Table. Age and sex of 93 patients studied Age (years) Women Men Total 70-74 7 6 13 75-79 15 12 27 80-84 14 11 25 85-89 18 5 23 >90 2 3 5 Mean age (SD) = 80.4 (5.8) years.
All of the seven patients found to have treatable lesions in the group with confusion were successfully treated. Four had subdural haematomas, one a midline oligodendroglioma and one a cerebellar haemorrhage. In this group, 11 of the 21 patients had scans producing diagnostic information (52%, 95% confidence interval: 31-73%). Only one of the 23 patients with a history specifically suggesting the possibility of subdural haematoma had a positive scan and underwent surgery successfully. With regard to patients referred for anticoagulant therapy, none of the patients presenting with clinical transient ischaemic attacks had abnormal scans. Three patients with minor stroke and scanned prior to anticoagulant therapy had scans resulting in an alteration of treatment. Eight patients, altogether, were scanned for suspected cerebellar lesions; three patients had cerebellar infarcts. Six patients were referred because of progression of stroke and the results did not affect outcome. Five of these scans confirmed large cerebral infarcts and four patients subsequently died. Of the fourteen patients referred because of atypical signs of stroke, seven were found to have treatable lesions. Twelve of the patients with atypical signs of a stroke had scans yielding positive diagnostic information [86%, confidence interval (CI): 76-95%].
In all, 19 (20% CI: 12-28%) of scans resulted in a major outcome as defined earlier of which nine resulted in successful treatment. The greatest proportion of positive scans (13) for treatable lesions was found in the groups presenting with confusion and in those presenting with signs atypical of stroke (68%, CI: 48-89%). Twenty-nine (31% CI: 22 41%) were positive for pathology of minor diagnostic importance. Thus, in our series of 93 patients, CT scan contributed to the management in 52% (CI: 46 62%).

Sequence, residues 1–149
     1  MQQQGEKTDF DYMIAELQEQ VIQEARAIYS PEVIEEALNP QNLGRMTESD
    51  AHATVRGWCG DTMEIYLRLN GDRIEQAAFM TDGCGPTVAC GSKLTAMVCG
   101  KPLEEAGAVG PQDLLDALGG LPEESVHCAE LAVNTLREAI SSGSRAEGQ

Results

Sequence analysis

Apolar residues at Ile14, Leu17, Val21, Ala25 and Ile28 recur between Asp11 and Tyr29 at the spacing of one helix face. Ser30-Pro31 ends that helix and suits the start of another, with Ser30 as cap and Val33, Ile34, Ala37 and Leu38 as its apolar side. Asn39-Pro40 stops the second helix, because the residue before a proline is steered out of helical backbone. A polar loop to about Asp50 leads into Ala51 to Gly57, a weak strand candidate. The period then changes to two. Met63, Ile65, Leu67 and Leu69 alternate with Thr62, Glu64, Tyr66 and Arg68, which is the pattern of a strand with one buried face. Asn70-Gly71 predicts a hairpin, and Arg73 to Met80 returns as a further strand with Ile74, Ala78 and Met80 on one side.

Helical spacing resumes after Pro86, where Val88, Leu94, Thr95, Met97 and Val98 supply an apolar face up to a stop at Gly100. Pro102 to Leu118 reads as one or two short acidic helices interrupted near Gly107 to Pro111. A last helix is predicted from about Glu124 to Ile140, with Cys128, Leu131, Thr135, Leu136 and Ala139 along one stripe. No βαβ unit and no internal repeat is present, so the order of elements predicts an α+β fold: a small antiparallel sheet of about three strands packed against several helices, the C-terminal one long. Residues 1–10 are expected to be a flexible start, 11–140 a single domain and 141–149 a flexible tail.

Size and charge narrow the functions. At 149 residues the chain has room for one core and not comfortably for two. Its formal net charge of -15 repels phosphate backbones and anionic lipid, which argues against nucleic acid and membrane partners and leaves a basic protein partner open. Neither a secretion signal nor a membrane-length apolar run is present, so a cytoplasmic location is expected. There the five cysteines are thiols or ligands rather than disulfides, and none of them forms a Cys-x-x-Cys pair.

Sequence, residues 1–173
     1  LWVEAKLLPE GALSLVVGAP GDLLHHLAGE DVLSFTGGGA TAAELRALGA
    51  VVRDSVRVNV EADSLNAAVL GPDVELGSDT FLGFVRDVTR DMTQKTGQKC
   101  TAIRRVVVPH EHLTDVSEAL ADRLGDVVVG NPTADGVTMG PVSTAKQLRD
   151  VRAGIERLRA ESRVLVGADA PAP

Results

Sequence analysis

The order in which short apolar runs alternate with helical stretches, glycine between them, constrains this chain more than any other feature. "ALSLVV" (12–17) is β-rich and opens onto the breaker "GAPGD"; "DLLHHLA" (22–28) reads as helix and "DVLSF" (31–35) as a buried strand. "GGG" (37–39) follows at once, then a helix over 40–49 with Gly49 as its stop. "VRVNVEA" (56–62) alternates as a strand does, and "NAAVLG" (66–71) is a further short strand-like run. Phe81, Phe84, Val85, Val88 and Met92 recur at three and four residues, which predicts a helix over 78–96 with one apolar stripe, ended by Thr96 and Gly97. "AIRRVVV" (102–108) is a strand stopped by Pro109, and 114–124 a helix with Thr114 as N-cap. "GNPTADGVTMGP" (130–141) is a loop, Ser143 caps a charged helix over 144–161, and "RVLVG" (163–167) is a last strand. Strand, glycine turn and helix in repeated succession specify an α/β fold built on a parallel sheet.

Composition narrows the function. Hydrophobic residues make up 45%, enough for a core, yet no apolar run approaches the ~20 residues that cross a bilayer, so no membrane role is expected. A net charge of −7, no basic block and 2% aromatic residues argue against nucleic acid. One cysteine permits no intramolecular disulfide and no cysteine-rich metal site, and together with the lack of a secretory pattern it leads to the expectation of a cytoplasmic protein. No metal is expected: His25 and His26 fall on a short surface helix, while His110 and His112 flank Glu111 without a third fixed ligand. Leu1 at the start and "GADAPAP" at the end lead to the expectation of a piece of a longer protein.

Patients who are found to have subdural haematomas can benefit dramatically from surgical intervention ; but since relatively minor injuries can cause such a lesion, they may be easily overlooked or forgotten . Suspecting the diagnosis can be difficult as there is no characteristic presentation for subdural haematomas in elderly people. In our study, it was not the group with a clear history of falls and neurological deterioration that yielded the highest incidence of subdural haematomas, but the group presenting with confusion. None of these patients had focal neurological signs but presented with hallucinations and personality change of recent and dramatic onset.
Our results from scanning patients with confusion seem to correlate with the findings of Roberts and Caird  who found that of 170 elderly patients with confusion of less than 1 year, 31% had potentially treatable lesions.